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Rembrandt and his Self Portraits

One of the most fascinating things about mirrors is that they have traditionally been the only way we can see what we look like. At True Mirror, we dont think this is actually true, since what we look like depends on what we are doing and how we interact. The backwards mirror distorts our expresssions and thus how we interact, both from a physical and from a personal sense...we really have an alter ego in the mirror.

So over the years, artists have been using mirrors to paint their self-portraits, and this altered view is all we have to know them. Rembrandt is a great example of the amazing difference between true image annd altered reverse image, and if you examine his self portraits in a mirror, you will see an amazing new view of Rembrandt, more likely to be what he actually looked like, since the mirror view will "unreverse" the portrait.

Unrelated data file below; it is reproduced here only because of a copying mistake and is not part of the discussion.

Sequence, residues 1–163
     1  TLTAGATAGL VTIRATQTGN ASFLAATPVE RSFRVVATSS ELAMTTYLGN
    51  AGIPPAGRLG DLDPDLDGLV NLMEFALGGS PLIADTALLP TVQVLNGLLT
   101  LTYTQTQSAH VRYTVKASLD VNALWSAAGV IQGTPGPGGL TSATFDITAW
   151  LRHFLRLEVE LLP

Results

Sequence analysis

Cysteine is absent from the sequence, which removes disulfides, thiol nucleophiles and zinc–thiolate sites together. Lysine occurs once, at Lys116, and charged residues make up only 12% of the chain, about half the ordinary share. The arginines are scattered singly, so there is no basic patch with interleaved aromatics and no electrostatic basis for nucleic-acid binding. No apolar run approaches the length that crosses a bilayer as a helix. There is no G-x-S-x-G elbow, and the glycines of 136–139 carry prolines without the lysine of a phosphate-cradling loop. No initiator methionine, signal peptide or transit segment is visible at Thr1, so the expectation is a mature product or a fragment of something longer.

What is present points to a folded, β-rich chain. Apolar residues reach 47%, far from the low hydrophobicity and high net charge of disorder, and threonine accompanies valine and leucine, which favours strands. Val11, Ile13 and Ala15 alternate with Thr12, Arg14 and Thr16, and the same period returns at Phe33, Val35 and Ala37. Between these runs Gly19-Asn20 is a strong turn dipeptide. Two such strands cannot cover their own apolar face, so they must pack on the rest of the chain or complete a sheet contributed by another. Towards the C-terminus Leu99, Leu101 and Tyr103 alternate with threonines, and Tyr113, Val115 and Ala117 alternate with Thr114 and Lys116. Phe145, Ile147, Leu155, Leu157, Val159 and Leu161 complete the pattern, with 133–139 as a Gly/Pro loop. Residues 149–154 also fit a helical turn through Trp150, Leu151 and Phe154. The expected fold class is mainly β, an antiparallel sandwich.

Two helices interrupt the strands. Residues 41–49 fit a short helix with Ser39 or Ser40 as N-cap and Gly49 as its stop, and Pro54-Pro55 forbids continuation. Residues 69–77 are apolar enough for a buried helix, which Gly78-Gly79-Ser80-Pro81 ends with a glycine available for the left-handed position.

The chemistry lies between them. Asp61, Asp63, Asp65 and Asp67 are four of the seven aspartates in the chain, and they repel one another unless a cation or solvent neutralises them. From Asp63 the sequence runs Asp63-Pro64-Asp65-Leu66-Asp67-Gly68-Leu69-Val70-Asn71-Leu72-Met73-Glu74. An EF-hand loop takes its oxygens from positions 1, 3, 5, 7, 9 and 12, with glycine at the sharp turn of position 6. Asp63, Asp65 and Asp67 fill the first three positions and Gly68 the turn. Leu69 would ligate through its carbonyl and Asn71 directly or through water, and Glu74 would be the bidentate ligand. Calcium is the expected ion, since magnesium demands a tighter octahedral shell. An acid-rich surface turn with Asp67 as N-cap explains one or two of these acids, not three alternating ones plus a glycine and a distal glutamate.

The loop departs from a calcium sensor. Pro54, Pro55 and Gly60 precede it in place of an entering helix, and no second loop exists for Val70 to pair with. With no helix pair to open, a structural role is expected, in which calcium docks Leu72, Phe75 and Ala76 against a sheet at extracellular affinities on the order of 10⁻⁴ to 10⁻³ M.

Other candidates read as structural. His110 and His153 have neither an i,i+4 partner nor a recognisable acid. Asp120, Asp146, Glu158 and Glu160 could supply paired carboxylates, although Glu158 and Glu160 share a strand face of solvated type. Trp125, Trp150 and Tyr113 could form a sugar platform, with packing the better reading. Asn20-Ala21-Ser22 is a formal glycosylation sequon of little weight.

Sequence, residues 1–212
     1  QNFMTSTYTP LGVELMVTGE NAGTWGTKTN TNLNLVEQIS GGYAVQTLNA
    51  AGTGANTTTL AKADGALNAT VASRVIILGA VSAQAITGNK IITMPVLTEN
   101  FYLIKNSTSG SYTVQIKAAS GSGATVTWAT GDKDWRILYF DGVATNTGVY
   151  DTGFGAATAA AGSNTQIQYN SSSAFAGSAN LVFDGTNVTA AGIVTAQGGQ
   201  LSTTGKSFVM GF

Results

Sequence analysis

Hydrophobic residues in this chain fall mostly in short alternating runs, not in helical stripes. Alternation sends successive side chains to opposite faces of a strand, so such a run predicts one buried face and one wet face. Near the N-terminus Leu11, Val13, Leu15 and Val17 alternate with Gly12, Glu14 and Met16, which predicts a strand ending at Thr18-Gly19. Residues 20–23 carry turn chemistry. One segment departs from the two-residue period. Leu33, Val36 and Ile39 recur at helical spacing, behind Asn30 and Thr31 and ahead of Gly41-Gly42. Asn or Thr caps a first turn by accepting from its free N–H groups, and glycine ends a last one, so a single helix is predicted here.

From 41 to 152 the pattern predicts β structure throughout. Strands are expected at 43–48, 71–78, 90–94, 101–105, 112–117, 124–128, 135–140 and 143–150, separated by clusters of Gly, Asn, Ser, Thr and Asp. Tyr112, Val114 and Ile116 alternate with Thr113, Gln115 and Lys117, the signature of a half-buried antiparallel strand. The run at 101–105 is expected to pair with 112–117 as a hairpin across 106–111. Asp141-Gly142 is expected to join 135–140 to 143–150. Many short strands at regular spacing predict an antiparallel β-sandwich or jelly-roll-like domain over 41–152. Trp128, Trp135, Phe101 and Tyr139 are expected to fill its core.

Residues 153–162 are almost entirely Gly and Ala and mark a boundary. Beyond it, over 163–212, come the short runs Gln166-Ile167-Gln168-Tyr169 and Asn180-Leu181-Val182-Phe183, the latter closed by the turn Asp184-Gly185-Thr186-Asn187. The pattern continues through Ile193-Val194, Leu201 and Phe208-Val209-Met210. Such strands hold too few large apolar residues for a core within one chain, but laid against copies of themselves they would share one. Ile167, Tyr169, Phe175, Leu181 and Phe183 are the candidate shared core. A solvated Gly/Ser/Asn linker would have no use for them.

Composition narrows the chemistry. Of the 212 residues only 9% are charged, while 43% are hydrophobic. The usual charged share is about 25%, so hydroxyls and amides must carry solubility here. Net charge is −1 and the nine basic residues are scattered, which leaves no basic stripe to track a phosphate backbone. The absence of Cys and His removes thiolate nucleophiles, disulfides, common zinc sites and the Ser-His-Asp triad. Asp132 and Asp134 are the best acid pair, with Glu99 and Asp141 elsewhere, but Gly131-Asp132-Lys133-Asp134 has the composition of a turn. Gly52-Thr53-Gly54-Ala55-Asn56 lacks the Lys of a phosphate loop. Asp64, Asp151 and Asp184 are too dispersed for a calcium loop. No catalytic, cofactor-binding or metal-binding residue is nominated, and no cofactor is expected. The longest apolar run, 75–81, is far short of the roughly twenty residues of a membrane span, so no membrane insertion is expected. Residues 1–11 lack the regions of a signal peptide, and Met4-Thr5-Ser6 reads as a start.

The effect is subtle but telling...if you examine the following two montages of Rembrandt, the first is the way we normally see the self-portraits. The second is the same montage but reversed...when you look at both of them, ask yourself which feels more "real", or more normal...the backwards image is by definition not normal, and because Rembrandt was such a good painter, he captures himself very well.

Regular Self-Portraits

Reversed Self-Portraits

BBC radio recently did a story on this effect - here is the description:
Artists and writers reflect on the self-portraits of the Dutch master, who was born 400 years ago. Presenter and philosopher Nigel Warburton explores why, throughout his career, Rembrandt was so fascinated with representing his own features. click here for the current link (requires Real Audio).

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